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Aussie bank bosses should be named over breaches, lawmakers say
[SYDNEY] Executives at Australia's biggest banks must be held publicly accountable for any regulatory breach in any of their divisions, according to a parliamentary committee investigating the conduct of the lenders after a series of scandals.
From July next year, the banks should be required to report publicly the nature of any breach and the names of senior executives responsible for the teams where the breach occurred, according to a report from the House of Representatives Standing Committee on Economics released Thursday.
The lenders should also reveal "consequences" for those executives and, if they weren't fired, why termination was not pursued, it said.
The recommendations come after the heads of Commonwealth Bank of Australia and its three largest rivals were called before the committee last month by Prime Minister Malcolm Turnbull amid rising public disquiet over record profits, the failure of the lenders to pass on recent interest-rate cuts in full and a series of consumer scandals.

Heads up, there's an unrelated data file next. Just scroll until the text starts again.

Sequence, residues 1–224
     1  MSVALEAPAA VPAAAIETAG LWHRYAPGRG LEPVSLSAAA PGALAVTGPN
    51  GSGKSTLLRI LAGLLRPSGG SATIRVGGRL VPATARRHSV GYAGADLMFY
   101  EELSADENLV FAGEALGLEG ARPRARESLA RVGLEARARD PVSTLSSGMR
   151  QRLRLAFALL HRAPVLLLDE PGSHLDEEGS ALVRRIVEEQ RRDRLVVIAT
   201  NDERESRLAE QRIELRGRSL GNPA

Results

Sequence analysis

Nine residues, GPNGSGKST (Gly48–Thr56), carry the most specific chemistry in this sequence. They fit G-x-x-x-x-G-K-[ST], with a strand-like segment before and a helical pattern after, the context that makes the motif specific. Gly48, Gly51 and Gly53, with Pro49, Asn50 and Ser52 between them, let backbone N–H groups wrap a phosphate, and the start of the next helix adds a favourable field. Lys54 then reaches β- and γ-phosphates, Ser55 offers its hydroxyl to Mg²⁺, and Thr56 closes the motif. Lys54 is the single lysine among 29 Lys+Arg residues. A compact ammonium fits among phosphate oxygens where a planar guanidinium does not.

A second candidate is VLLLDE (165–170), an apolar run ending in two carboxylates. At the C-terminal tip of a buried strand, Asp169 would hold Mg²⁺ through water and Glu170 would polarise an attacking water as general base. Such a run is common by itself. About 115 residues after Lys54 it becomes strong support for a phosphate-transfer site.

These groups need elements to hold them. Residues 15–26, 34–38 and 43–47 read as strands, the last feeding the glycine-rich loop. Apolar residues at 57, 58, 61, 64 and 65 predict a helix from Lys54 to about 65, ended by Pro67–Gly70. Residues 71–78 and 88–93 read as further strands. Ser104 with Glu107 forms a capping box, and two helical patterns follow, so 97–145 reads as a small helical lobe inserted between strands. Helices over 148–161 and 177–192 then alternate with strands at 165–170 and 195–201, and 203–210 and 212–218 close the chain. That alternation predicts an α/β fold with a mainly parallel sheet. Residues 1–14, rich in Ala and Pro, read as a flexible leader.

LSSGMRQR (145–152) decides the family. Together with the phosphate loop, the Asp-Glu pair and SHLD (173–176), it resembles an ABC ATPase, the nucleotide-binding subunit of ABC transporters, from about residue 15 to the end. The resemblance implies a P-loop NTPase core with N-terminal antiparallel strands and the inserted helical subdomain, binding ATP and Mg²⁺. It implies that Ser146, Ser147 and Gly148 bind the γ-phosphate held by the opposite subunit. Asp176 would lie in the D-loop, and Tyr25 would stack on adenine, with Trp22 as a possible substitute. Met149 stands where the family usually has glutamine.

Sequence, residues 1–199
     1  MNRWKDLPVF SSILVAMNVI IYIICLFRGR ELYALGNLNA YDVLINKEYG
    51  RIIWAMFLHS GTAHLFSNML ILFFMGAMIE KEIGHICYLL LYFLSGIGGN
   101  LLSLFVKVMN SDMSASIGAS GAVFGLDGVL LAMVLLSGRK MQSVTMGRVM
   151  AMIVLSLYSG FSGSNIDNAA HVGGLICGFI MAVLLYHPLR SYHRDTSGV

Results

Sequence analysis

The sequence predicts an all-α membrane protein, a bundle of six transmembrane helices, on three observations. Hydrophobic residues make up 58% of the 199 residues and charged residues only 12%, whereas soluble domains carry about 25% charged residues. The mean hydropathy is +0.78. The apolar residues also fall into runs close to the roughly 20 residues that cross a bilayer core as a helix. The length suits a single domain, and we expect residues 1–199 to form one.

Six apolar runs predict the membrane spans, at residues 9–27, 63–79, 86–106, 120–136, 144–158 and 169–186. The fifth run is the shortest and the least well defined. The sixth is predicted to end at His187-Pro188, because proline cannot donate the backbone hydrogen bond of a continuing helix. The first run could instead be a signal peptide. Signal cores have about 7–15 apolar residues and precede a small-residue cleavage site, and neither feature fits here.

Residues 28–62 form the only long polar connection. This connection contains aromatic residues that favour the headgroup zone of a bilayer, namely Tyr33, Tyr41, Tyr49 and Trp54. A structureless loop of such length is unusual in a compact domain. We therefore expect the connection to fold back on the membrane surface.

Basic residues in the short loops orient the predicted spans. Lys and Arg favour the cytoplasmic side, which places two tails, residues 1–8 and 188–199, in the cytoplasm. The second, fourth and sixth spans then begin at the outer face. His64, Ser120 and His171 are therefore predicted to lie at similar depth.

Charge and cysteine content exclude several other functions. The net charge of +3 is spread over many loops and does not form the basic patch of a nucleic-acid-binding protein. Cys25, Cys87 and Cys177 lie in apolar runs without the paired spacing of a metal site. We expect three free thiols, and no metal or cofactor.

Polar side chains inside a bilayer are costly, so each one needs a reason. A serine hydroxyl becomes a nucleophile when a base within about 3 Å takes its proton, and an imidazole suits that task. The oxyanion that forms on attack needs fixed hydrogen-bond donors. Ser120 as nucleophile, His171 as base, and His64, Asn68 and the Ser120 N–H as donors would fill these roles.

"The major banks have a 'poor compliance culture' and have repeatedly failed to protect the interests of consumers," the lawmakers said.
"This is a culture that senior executives have created. It is a culture that they need to be held accountable for."
It was "unacceptable" that no senior figures had been fired in a number of scandals such as the mishandling of life insurance claims at CommInsure, Commonwealth Bank's insurance arm, the improper collection of fees from 390,000 accounts at Australia & New Zealand Banking Group Ltd and the provision of poor financial advice at National Australia Bank Ltd, the report said.